Even without all the gimmicks, Community had such a strong grasp on the characters and good dialogue that they could craft stories equal parts hilarious and gripping. Episodes like “Cooperative Calligraphy”, “Competitive Ecology”, and “Cooperative Polygraphy” just throw the characters in a room together and let the insanity come naturally. These episodes are not only just as funny as any parody concept, but they are also some of the most vicious and potentially hard to watch, as these sorts of bottle episodes tend to bring out the ugliest side of each character. Without these episodes, the emotional poignancy of the other episodes isn’t nearly as strong (not that the bottle episodes lack poignancy; the end of “Cooperative Polygraphy” was one of the best moments of Season 5). For those who might dismiss Community as a gimmick-driven show, these episodes serve as a clear reminder that Harmon and his writing staff have as good a grasp on good, old-fashioned character drama as anyone.

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Of course, Community had a few hiccups the last couple of years, with two shortened seasons, one of which was run without Dan Harmon, the other of which was missing original cast members Chevy Chase (for the whole season) and Donald Glover (over half of the season). These various shifts in the show’s previously-perfect makeup slowed the runaway-train momentum that Community had built up over the first three seasons, even while providing some great episodes (even the fourth season had that solid Freaky Friday episode written by castmember and Oscar-winner Jim Rash). I think that’s the real source of depression for Community fans, that not only did it not reach its goal of #SixSeasonsAndAMovie but that it didn’t end as perfectly as, say, season 3 did. But I still think that season 5 is a solid end to the show; the idea of the gang returning to the crucible that remade them to try and protect it is a great culmination of the entire series.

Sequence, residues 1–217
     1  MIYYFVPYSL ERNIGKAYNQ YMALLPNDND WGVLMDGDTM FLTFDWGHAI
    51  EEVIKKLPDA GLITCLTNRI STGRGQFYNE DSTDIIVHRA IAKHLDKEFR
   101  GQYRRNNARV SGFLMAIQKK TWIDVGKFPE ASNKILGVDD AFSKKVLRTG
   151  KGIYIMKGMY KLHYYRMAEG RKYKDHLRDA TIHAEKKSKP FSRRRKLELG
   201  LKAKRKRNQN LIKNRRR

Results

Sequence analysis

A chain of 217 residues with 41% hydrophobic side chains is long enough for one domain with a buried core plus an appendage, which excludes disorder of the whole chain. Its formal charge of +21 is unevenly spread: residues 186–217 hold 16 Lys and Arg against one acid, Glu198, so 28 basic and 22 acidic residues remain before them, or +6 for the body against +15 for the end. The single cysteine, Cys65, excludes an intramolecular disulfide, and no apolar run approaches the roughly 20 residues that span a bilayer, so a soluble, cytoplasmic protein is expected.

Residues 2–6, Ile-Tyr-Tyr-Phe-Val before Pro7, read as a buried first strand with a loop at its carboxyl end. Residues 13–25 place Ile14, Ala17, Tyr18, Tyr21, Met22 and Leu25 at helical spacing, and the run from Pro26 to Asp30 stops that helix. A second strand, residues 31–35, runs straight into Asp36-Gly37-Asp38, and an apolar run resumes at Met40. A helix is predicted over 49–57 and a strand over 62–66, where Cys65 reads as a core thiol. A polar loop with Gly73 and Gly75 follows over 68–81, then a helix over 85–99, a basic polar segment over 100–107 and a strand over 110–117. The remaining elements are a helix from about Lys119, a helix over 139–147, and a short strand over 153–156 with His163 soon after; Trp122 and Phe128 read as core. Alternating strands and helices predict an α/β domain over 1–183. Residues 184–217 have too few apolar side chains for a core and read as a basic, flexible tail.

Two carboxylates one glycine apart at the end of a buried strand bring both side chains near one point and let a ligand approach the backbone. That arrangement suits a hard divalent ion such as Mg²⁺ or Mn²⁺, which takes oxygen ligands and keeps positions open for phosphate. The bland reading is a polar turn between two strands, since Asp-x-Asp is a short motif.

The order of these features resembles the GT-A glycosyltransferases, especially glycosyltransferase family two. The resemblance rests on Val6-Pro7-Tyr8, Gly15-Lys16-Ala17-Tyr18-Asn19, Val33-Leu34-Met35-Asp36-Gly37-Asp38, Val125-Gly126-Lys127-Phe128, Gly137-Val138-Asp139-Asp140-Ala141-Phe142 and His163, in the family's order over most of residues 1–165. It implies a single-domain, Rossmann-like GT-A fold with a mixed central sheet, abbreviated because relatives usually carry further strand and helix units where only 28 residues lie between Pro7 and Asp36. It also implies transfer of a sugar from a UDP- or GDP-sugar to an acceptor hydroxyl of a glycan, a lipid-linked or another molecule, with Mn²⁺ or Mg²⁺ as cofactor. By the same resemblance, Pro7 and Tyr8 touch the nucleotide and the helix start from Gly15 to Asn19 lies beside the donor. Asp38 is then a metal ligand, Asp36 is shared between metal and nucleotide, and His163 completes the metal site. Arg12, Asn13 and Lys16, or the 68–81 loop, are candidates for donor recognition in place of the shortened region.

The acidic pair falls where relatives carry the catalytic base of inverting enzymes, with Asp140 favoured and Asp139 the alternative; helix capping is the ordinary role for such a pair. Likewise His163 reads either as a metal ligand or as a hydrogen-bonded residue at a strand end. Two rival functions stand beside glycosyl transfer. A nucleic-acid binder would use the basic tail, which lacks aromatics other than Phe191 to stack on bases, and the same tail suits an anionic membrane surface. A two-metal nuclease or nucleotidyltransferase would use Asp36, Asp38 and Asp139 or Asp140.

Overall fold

More than anything Community was a show about finding yourself, and how difficult that can be, especially if you’ve already fallen down. All of these characters came to Greendale trying to figure themselves out and get back to a “normal” life, only to find an absurd, wacky place where they can fully explore themselves without judgment. One thing that my girlfriend Shiran (the biggest Community fan I know, and the person I’m directing this article to) always points out during “Virtual Systems Analysis” when the Dean tells his story about going to the bank in drag is how supportive and empathetic the world of Greendale seems to be, and how it’s the perfect environment for these misfits to remake themselves. This probably why it resonated with so many people around my age, as it’s something that a lot of college-age people grapple with and relate to. Especially for me and mine, the idea of living in this wacky, emotional world will always be a welcome one, and I thank Dan Harmon and his creative cadre for letting us share in that world for 97 episodes. And yes, this is only the second darkest timeline. The darkest timeline would’ve been one where Community never existed at all. You can’t dean-y I’m right about that.